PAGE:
How to Keep Artificial Plants from Fading in the Sun
Artificial plants are a huge relief for those who enjoy houseplants but are not able to care for them. Over time, however, artificial plants can begin to show signs of age, such as fading.
Typically caused when plants are placed near windows and exposed to UV rays from the sun, fading diminishes the illusion of lush greenery. Avoid the need to replace artificial plants by regularly treating them with a protective, spray-on coating.
Dust or use a damp sponge to wipe down the plant leaves. The artificial plants need to be clean for proper adhesion of the coating.
Set the plants on a protected work surface and ventilate the environment to allow aerosol fumes to escape. Work outside, if possible.
- Artificial plants are a huge relief for those who enjoy houseplants but are not able to care for them.
Shake the can well and spray the plants with a light, even layer. Keeping the can moving continuously while spraying to avoid pooling or drips. Spray the interiors of the plants and the undersides of the leaves.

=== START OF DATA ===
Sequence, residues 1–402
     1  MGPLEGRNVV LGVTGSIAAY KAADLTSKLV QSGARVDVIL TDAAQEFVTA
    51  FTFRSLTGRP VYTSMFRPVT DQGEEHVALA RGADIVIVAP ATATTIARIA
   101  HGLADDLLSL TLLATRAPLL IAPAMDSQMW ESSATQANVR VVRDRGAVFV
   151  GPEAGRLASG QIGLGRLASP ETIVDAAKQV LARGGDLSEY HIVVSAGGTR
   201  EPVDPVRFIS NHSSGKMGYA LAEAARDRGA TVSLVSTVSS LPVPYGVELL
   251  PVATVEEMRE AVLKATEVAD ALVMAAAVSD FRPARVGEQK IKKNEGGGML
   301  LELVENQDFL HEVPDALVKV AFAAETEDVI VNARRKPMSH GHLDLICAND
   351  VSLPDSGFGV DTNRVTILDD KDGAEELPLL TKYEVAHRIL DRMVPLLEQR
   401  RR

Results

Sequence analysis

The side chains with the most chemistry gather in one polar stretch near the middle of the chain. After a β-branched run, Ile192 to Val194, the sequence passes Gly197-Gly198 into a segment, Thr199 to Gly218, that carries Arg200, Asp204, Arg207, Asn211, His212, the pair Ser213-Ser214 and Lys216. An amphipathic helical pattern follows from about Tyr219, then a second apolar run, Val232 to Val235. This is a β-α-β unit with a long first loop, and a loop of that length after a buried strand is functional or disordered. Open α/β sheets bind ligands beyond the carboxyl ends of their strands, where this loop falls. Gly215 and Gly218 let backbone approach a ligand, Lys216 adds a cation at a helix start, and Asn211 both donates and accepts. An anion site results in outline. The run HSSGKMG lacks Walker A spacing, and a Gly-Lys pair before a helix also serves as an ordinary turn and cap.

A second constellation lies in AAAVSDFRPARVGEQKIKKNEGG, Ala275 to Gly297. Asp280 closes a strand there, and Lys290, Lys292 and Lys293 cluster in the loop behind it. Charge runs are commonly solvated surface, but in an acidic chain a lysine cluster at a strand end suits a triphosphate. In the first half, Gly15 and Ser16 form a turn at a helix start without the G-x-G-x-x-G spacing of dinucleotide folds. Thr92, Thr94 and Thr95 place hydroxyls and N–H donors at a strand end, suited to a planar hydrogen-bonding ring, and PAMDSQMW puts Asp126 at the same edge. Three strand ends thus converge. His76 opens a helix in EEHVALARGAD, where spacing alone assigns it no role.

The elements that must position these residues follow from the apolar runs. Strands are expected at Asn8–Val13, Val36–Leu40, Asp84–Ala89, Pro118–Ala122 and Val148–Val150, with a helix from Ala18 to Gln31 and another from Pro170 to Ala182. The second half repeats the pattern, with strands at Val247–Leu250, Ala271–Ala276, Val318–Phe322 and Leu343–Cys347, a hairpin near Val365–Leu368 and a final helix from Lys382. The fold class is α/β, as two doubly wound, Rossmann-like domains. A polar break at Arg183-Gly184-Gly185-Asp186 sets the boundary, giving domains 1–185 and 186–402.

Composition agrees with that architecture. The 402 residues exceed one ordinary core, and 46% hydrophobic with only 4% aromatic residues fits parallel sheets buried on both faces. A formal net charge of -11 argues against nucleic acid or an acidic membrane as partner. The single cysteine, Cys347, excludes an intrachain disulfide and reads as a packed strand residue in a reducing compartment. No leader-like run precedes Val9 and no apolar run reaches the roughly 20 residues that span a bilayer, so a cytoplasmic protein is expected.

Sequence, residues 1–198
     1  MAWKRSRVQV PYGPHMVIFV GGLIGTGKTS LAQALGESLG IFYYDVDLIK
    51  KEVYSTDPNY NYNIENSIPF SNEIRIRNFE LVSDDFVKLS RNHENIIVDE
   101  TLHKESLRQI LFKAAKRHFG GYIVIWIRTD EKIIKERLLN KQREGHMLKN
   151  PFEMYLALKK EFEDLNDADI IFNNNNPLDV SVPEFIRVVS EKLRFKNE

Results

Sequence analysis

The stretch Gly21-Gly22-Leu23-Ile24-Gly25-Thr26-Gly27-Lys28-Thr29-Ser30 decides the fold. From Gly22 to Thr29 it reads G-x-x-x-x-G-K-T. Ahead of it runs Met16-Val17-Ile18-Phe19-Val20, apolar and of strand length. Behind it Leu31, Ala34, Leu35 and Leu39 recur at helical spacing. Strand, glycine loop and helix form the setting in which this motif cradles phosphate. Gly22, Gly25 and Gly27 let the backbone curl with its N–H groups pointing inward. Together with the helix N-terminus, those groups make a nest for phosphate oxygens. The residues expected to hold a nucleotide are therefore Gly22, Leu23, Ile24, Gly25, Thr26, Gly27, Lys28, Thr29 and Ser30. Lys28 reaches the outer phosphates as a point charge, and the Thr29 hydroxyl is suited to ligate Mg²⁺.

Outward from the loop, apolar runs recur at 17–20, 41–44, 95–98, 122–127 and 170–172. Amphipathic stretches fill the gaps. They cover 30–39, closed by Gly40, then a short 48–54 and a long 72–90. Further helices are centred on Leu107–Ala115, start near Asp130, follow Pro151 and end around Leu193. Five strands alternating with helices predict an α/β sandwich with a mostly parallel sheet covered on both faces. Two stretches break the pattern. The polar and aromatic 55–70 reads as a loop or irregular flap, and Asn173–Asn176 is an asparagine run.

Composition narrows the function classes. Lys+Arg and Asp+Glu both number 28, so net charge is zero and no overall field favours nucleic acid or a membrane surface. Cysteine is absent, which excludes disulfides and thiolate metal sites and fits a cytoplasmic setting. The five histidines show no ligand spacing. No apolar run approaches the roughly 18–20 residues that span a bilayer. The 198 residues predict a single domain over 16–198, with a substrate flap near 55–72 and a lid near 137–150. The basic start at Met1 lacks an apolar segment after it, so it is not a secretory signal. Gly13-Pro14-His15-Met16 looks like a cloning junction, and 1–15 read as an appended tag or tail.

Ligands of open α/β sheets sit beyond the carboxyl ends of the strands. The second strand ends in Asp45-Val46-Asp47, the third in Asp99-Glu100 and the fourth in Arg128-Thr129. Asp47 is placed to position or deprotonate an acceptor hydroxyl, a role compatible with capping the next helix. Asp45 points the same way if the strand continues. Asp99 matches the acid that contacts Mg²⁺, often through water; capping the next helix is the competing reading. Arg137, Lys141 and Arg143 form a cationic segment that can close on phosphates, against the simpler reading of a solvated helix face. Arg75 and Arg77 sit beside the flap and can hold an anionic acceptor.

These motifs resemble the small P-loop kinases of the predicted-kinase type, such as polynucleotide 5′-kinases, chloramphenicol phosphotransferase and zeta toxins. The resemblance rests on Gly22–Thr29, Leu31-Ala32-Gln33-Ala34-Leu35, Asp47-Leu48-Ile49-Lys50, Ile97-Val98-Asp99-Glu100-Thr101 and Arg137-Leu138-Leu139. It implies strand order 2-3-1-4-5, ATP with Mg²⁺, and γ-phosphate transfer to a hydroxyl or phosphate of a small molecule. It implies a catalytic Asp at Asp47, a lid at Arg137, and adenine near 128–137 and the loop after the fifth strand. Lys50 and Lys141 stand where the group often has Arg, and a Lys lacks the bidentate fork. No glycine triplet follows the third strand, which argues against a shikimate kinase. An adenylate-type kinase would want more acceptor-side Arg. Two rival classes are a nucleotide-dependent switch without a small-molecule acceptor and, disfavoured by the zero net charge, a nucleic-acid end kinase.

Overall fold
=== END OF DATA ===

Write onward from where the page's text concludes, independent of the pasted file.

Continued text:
Wipe down the foliage gently with a soft, lint-free cloth to ensure the coating is smeared over all surfaces. Leave the plants until the coating is dry to the touch, then apply a second coat.
Reapply the protective coating every three or four months. Always clean the foliage before applying a new coat.
- Shake the can well and spray the plants with a light, even layer.
- Leave the plants until the coating is dry to the touch, then apply a second coat.
- Spray coatings are typically available in different finishes, such as matt or gloss. Choose the finish that matches the original texture of the plant.
Mason Howard is an artist and writer in Minneapolis. Howard's work has been published in the "Creative Quarterly Journal of Art & Design" and "New American Paintings." He has also written for art exhibition catalogs and publications. Howard's recent writing includes covering popular culture, home improvement, cooking, health and fitness. He received his Master of Fine Arts from the University of Minnesota.